Sound Bites: 30th Anniversary of the Chesapeake Bay Agreement | Water & The Columbia Gas Pipeline | An Amazing Radish

10/17/13 Photo by Timothy B. Wheeler / Baltimore Sun Staff.  Baltimore, Md.  Baltimore City Mark Cameron of the city Office of Sustainability and Stuart S. Schwartz of University of Maryland Baltimore County (in ballcap) examine forage radish plants sprouting in vacant lot in Northeast Baltimore.  Curbing polluted runoff can be daunting in cities with lots of pavement and relatively few green spaces. A researcher with the University of Maryland Baltimore County has sowed forage radishes on a recently cleared vacant lot in East Baltimiore to see if they can serve as natural storm-water controls. Also known as Daikon or Japanese radishes, the plants' giant roots grow deep into the soil. Stuart Schwartz hopes they'll be able to break up hard-packed dirt enough so that it willl soak up rainfall and keep it from washing trash and pollution down the nearest storm drain into the harbor. ORG XMIT: 1144165December 17, 2013 – Segment 3

In 1983 the governors of Maryland, Virginia, Pennsylvania and Delaware, the mayor of Washington, DC, and the administrator of the Environmental Protection Agency signed an agreement outlining a plan to restore the Chesapeake Bay. We begin the hour with a look at the 30th anniversary of the Chesapeake Bay Agreement, with: former Maryland State Senator Gerald W. Winegrad, attorney and Adjunct Professor at the University of Maryland School of Public Policy where he has taught a graduate course on Chesapeake Bay Restoration since 1988; and Dr. Beth McGee, Chesapeake Bay Foundation‘s Senior Water Quality Scientist.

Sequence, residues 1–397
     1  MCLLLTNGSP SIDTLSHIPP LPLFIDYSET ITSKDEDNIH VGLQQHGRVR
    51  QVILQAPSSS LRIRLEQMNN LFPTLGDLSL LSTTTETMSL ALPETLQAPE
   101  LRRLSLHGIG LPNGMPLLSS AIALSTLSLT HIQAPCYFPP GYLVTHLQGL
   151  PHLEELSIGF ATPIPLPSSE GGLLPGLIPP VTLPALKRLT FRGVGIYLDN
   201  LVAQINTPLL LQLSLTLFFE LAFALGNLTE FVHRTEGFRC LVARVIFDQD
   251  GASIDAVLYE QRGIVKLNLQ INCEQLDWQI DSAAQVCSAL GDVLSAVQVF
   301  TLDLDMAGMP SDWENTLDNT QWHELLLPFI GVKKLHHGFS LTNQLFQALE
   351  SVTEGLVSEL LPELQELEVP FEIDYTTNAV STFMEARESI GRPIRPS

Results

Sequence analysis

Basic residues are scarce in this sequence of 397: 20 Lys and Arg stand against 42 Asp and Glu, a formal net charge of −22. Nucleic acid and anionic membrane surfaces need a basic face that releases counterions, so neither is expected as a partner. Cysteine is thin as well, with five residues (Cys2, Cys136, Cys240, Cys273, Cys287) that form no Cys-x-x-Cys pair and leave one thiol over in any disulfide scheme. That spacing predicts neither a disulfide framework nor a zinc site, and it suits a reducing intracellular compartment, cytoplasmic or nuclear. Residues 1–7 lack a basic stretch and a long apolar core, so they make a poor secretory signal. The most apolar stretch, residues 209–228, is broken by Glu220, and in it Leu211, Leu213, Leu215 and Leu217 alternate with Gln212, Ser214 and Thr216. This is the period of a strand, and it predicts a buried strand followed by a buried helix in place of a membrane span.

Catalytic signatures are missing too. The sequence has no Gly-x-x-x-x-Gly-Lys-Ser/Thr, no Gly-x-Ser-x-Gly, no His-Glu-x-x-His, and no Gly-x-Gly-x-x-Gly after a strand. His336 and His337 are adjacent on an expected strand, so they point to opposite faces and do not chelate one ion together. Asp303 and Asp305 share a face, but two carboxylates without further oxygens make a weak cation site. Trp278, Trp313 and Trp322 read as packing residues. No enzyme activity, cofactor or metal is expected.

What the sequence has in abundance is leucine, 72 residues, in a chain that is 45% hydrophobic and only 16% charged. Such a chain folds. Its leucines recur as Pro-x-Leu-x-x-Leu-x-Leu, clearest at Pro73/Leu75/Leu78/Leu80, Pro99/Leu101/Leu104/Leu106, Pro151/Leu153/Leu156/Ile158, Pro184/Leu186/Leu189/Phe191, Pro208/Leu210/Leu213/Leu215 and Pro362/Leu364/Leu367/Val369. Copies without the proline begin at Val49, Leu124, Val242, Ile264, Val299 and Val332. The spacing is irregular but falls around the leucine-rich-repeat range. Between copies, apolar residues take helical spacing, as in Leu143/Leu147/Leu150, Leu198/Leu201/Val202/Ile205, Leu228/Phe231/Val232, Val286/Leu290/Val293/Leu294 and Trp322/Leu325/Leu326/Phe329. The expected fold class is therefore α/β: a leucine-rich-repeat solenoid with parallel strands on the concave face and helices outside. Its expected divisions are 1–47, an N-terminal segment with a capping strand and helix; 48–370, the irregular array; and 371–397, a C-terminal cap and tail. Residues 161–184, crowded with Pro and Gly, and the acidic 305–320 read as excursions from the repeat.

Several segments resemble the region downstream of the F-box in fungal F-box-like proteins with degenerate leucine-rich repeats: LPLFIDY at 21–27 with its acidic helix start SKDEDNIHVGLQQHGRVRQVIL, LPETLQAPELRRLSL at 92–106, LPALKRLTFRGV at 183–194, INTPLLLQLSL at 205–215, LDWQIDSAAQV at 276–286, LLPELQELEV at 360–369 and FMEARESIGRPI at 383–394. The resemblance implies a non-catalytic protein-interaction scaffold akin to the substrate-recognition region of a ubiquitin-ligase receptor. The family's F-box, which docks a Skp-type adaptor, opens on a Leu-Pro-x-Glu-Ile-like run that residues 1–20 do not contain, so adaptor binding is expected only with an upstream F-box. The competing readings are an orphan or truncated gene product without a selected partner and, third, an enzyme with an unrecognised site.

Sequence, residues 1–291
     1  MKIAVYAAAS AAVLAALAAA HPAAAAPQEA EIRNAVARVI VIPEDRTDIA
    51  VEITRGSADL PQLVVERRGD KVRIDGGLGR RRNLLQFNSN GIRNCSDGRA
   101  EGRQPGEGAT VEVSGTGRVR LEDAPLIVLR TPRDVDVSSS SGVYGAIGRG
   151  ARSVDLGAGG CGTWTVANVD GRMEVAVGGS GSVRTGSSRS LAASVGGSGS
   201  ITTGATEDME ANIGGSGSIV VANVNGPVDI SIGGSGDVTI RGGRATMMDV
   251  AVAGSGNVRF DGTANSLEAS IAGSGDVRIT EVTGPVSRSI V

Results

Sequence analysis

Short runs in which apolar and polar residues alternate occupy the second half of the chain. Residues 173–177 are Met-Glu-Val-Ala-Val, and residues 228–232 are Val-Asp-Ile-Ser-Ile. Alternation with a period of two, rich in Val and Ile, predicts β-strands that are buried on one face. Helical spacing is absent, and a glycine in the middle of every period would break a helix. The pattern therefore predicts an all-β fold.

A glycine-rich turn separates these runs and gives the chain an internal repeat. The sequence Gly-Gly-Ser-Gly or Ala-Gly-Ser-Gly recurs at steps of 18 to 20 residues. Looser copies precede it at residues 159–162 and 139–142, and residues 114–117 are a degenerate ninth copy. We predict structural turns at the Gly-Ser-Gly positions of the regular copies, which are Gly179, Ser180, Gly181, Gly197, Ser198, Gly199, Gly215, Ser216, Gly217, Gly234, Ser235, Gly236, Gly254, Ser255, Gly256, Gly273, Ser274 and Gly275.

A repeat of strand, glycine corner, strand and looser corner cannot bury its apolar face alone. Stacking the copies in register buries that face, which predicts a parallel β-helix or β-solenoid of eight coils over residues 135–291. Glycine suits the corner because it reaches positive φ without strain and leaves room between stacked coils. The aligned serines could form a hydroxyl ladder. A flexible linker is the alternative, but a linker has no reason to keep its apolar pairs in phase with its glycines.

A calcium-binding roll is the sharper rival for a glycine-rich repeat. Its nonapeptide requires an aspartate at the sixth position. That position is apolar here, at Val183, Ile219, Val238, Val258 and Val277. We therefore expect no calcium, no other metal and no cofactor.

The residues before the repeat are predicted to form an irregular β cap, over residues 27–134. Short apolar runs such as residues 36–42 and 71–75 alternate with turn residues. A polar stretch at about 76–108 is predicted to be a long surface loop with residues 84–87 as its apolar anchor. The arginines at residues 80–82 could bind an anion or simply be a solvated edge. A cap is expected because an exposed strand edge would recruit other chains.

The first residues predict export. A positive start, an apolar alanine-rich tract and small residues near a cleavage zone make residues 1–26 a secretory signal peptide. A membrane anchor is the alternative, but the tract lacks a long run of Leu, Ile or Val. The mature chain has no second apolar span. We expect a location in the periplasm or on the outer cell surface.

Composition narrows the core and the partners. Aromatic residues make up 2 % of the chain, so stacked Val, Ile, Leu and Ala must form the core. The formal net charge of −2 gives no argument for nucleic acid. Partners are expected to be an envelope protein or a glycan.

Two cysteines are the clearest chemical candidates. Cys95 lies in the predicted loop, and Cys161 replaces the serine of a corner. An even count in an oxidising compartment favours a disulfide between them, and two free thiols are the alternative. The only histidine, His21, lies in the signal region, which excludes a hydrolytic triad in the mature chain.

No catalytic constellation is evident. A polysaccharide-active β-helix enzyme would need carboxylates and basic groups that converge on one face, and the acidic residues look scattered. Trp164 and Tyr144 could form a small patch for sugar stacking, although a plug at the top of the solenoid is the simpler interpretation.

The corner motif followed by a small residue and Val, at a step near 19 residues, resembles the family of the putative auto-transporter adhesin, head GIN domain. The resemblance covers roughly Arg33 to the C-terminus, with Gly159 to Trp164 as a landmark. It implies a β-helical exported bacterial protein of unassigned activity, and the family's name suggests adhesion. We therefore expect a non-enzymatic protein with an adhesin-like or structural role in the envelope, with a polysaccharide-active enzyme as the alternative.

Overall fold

Then, we look at the implications of the controversial Columbia Gas pipeline, which will cut through 21 miles of Baltimore and Harford Counties in Maryland. In-studio to talk about the pipeline will be Gunpowder Riverkeeper Theaux Le Gardeur. To see the narrative map of waterway impacts along the pipeline, click here.

We close out the show with a fascinating look at a new type of radish that can be used to fight storm water runoff. Joining us to talk about this dynamic root vegetable will be Dr. Stuart Schwartz, senior research scientist at the Center for Urban Environmental Research and Education at University of Maryland Baltimore County (UMBC).